As you might expect, there is some pushback against this new understanding, but it comes mostly from drug companies; doctors and practitioners who believe the evidence they've seen but don't have the perspective available from the studies that examine tens of thousands of patients, rather than one at a time - and that include placebo and other treatments; and from patients who are shocked and dismayed to hear that the information their doctor has given them may not be correct.

The main takeaway here, in my opinion, is that if being on medication isn't working, or feels like a rollercoaster or merry-go-round, it's not your imagination or your fault. The brightest scientists in the world would say your experience is more normal than you might think. Another takeaway is that if you DO want to to get off psychotropic medication, you are justified in this desire, and your doctor should work with you. Also, if you want to get off medication, you absolutely MUST work WITH your doctor to get off it, since it's not easy, and getting off the medication can make things worse.

Finally, if your medication is working, and you're happy with it, you certainly can stay on it. Getting off of it might be more complicated, even though the long term effects of these medications don't appear rosy, and are underpublicized (of course!) by drug companies. On the other hand, there are things that appear to work as well as medication: placebo, which is a belief in and hope for getting better; exercise, which is excellent for your mood and brain; and counselling, which is more work and harder than taking one pill per day, but works better than medication, especially in the long run.

Whew! Long post. I'm interested in your thoughts and concerns, and would be happy to continue this discussion.

Dr. Daniel Heller
PMS Comfort

June 1, 2012 - 12:49pm

I too have been on various antidepressants, antipsychotics, and even antiseizure medications for depression over the last 21 years. Right now, my GP is handling the meds as I am stable but I do have a psychiatrist in the wings if I start to falter. I would highly recommend seeing a psychiatrist. As stated previously, they have the extra training to know what types of meds work well together to boost us. Hope this helps!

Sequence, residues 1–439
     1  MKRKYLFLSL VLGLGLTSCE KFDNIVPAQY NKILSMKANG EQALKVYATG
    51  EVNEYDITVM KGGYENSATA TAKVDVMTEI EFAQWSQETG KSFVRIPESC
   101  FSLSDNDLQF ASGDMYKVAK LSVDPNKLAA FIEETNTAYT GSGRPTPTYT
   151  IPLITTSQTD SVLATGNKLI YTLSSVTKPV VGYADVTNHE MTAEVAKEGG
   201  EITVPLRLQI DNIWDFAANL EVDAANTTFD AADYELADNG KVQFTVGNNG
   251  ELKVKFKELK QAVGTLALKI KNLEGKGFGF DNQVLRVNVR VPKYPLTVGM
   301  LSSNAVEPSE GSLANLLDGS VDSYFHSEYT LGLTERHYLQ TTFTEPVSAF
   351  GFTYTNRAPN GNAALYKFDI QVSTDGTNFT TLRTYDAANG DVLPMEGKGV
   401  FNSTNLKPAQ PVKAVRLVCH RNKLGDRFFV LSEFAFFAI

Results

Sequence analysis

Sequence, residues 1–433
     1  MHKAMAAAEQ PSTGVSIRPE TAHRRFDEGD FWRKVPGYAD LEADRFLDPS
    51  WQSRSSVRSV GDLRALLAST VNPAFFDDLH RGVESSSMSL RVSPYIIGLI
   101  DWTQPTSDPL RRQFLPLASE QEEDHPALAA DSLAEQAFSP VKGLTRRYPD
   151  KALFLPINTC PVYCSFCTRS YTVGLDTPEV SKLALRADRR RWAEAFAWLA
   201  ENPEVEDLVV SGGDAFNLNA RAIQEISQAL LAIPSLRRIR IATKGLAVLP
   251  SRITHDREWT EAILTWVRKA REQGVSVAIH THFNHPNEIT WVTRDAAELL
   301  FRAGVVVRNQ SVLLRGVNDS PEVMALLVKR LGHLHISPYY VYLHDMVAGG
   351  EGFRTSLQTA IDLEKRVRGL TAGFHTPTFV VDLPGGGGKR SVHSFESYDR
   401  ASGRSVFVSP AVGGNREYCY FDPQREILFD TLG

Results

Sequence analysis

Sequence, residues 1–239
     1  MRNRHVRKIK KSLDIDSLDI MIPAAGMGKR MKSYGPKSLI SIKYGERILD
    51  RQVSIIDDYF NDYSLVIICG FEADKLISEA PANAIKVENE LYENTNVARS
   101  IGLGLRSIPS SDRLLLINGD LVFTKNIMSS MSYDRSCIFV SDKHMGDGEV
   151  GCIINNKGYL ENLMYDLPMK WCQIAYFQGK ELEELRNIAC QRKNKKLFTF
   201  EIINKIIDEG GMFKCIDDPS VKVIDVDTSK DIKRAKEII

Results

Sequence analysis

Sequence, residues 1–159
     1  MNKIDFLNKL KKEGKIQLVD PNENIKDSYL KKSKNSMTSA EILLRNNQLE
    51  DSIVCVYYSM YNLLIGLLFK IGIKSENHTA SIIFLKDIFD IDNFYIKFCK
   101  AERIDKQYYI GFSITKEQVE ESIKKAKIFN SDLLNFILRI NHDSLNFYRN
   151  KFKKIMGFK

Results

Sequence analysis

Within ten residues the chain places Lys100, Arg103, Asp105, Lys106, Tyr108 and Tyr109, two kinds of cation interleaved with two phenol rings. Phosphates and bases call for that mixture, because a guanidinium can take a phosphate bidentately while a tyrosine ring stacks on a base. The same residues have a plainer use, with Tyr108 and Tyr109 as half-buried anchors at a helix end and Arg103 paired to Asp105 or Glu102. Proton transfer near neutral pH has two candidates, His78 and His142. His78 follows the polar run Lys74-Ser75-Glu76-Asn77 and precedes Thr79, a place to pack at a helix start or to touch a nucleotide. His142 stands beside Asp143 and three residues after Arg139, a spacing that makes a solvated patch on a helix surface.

February 18, 2012 - 3:18pm
EmpowHER Guest

Hi Anon,

Welcome to EmpowHER.  Sorry to hear how you are feeling.  It might be good to talk to your doctor about you feel and also seek help from a psychotherapist. 

Here is a link on depression, of articles and groups that you can find help and support from others feeling the same. Please don't give up and visit this site, you will find help here.





January 31, 2012 - 9:33am
(reply to Anonymous)


February 5, 2012 - 10:33pm

I have been on one antidepressant or another for the past 53 years! I have also taken antipsychotics as needed. I have found over the years that after awhile, usually a couple of years, the antidepressants stop working and I need to change to another one. This generally takes care of the problem, but there are times I've needed to add an antipsychotic to boost it's effects not necessarily due to psychotic symptoms. When I added Abilify to my antidepressant it seemed to work much better for me. Also, I would like to say that the family doctor or GP does not have the training that a psychiatrist has so does not know the interactions and effects of various psychiatric drugs, so you may need to see a psychiatrist for better treatment. Anymore they don't talk to you they just prescribe medications so you don't have to worry about being "shrunk". I hope this helps you. bbnrse

January 31, 2012 - 8:31am
(reply to bbnrse)

thankyou bbnrse.

February 5, 2012 - 10:42pm